It took the Gameband, a smartwatch packed with retro mini-games, less than a day to hit its Kickstarter goal early last year. And then, thanks to branding partnerships with both Atari and indie darling “Terraria,” that modest $75,000 goal was more than quadrupled.

The Gamebad was a genuine hit, but now, 16 months later, the smartwatch seems plagued with problems. Company FMTwo Games, lead by the person who created the successful Minecraft Gameband, is nine months behind its ship date and in the past few months has grown silent, ignoring the increasingly angry requests for updates from its more than 1,700 backers. More troubling are rumors that Atari pulled its licensing and news that “Terraria” developers Re-Logic are just as in the dark as the backers, and growing just as disenchanted.

After weeks of sending request to FMTwo Games for comment, FMTwo Games CEO Feargal Mac Conuladh responded saying he was ready to chat. His response came less than an hour after “Terraria” responded to Variety’s questions, putting into doubt its continued support of the watch.

The Dream
Early last year, Conuladh said the idea for the Gameband was inspired by his work on the Minecraft device and his love of old ’70s and ’80s watch games. He said he worked hard to build up relationships with both Atari and Re-Logic and was in talks with other game developers. He said the combination of the company’s tech and its relationship with developers would allow them to kickstart a brand new movement in gaming.

The initial idea for the Gameband was a design that could compete with other smartwatches on the market.

This time around the company’s efforts are for a much more complicated device. It was to feature a 1.6-inch AMOLED display powered by a Wualcomm Snapdragon Wear 2100 processor, 512 MB of RAM and 4 GB of ROM. There’s also a slew of sensors, 802.11 b/g/n wifi and 4.2 Bluetooth. The watch was to be powered by a 400 mAh battery, which is slightly larger than the battery in the Samsung Gear S3 and include a Micro SD slot and a USB C connector. The whole thing was to run on Android Marshmallow 6.0.01, which will support a collection of apps like a calendar, contacts, phone dialer, weather, music player and alarm, and will have some other neat little surprises, like Alexa voice controls and its own online store called PixelFurnace, which was envisions as a sort of iTunes for watch games.

That was the plan and for a while, things looked good.

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In March, the company announced it was upgrading the watch to be IPX7 compliant. That means it could fall into a bit of water and not break. They also added the option to upgrade the face of the watch to Gorilla Glass.

Over the following months things seem to progress nicely, with upbeat updates about trips to China and work on the boards that power the watch and its basic design. November saw the first major hiccup in the design. The watch’s promised USB-C port was causing issues with the design. Size constraints meant they needed to either make the watch bigger or use an adapter instead of a built-in port. In the January update the team mentioned “difficult weeks” and taking “much needed downtime,” without noting what the issues were. The following updates trimmed down from massive details on where things stood to essentially short apologies for the lack of updates. The March update noted the team was continuing to work on the schedule and development plans, but didn’t update either. The last update on the Kickstarter page, dated April 21 and headlined “Still alive and kicking!” noted that the challenges of running a Kickstarter can “become overwhelming.” The update notes working through challenges and issues. The team says it has had knock backs on several fronts including personal, technical, financial, staffing and more. Most ominous, though, is a note about still working on a plan with their production partners and having to create a new one.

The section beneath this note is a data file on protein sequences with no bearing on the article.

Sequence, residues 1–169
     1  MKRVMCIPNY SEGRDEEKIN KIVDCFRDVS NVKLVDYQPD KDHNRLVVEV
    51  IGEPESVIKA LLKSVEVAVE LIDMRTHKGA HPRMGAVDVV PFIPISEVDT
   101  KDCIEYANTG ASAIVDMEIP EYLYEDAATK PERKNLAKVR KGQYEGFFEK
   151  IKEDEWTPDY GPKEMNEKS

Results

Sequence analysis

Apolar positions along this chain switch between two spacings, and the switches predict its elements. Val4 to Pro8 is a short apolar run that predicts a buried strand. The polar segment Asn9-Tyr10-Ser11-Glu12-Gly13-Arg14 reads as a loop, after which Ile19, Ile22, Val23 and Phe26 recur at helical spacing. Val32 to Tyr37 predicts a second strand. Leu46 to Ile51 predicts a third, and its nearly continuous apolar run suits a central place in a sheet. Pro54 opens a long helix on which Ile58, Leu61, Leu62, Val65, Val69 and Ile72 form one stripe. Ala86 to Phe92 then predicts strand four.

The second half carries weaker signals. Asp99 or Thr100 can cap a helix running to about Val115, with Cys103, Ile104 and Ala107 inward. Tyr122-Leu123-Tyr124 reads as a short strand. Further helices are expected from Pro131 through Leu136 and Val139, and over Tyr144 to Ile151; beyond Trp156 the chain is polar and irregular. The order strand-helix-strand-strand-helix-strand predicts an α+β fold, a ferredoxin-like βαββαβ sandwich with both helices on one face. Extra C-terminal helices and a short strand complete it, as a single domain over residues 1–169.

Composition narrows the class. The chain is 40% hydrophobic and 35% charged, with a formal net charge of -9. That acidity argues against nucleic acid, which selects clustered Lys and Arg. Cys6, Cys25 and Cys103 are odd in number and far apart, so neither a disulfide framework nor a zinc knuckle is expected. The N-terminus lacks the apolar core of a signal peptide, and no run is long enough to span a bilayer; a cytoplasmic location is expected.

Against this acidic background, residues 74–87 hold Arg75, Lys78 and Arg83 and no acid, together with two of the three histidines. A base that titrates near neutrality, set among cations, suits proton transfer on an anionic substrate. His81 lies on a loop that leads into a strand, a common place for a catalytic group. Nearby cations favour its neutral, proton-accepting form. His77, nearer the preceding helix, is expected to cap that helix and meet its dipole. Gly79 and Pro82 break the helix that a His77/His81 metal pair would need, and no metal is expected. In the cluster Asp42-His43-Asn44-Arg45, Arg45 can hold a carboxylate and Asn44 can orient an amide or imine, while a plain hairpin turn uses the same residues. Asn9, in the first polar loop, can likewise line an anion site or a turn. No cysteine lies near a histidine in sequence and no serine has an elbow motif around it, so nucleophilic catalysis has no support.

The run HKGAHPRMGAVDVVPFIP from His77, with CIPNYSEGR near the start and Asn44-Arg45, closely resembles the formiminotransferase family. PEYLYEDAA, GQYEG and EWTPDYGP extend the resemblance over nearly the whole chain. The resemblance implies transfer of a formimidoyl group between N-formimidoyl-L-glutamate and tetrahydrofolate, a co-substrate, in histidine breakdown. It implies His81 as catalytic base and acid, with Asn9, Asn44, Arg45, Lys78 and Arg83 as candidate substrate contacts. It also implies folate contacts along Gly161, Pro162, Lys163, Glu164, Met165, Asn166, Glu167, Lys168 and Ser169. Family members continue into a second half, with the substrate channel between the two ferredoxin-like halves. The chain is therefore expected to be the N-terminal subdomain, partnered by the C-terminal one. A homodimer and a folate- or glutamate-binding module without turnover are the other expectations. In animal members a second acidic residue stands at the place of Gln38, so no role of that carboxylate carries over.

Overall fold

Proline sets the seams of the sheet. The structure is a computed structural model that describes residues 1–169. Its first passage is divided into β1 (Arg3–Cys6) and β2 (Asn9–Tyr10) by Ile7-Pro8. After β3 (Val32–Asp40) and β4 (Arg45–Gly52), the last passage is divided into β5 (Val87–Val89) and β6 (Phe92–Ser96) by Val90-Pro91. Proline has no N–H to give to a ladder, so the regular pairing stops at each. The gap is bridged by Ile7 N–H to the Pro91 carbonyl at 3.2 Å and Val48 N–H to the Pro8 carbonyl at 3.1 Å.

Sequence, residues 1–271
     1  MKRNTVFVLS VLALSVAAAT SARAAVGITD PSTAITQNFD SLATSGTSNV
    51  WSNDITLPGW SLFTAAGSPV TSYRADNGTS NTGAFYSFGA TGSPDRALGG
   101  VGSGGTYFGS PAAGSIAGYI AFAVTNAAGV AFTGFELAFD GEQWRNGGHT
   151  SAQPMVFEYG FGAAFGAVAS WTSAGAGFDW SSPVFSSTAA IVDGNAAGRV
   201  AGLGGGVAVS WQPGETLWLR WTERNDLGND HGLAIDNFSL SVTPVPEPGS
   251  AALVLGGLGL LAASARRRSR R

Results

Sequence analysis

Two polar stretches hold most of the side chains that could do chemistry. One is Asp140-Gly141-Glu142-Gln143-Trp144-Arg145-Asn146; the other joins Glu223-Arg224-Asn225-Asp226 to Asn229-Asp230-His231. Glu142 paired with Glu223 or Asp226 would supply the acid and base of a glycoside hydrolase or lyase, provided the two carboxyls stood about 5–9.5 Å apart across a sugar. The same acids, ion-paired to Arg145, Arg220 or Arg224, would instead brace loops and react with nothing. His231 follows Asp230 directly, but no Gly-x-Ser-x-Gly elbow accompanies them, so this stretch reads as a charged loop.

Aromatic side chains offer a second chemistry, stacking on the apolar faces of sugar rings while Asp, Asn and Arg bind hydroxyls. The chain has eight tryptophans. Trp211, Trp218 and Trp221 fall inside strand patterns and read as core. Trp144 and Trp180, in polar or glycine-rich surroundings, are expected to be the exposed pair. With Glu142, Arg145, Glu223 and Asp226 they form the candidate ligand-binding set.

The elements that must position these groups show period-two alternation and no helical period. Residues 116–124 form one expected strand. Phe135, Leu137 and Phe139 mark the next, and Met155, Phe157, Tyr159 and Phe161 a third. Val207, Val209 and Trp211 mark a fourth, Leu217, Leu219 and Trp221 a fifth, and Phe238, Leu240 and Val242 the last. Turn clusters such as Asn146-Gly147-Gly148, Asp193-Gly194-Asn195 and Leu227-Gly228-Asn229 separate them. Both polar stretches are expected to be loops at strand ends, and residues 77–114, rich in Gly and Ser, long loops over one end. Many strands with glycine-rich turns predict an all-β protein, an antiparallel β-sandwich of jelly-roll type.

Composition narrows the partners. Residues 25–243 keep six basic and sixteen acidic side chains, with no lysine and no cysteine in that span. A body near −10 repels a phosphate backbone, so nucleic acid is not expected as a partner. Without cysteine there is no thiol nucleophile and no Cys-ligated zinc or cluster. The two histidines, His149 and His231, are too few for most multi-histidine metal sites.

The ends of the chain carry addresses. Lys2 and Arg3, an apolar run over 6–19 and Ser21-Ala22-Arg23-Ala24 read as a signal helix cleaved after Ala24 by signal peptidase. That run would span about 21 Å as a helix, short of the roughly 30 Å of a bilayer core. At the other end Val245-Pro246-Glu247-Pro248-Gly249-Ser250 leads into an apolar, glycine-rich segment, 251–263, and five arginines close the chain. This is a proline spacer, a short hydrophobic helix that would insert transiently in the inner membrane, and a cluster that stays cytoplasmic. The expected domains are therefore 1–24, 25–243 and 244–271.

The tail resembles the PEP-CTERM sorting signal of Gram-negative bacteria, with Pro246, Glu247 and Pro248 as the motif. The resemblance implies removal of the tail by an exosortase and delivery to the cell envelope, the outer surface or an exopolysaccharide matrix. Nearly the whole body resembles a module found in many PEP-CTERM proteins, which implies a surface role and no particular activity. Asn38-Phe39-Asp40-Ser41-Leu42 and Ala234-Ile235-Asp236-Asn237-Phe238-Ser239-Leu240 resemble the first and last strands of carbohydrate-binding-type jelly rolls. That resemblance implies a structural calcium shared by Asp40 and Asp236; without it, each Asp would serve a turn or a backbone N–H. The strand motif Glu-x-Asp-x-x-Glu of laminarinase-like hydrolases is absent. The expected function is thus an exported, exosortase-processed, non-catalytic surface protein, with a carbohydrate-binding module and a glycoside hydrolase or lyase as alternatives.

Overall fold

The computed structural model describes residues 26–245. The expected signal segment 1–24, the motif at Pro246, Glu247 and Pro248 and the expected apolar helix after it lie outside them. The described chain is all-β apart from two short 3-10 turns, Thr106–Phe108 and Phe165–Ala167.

Radio Silence
In the two months that followed, the only updates came by way of the growing comments section of the Kickstarter page, and only from backers. A May 22 comment posted to a thread on another forum where someone who seems to be speaking for Atari says that Atari is no longer associated with Gameband and that the license has been revoked.

When Variety reached out to Atari for confirmation, it declined to speak about the license, Gameband or where things currently stand.

Atari VCS is an Atari product,” a spokesperson told Variety via email. “Gameband was an Atari licensee and we cannot comment on their behalf.”

When asked if Gameband was still a licensee, the company said it was “not able to comment on Gameband in any fashion at this time.”

A response Friday afternoon from Conuladh confirmed that Atari did indeed end its licensing agreement with the company. But, he said, it remains unclear if that will impact the still in-development watch.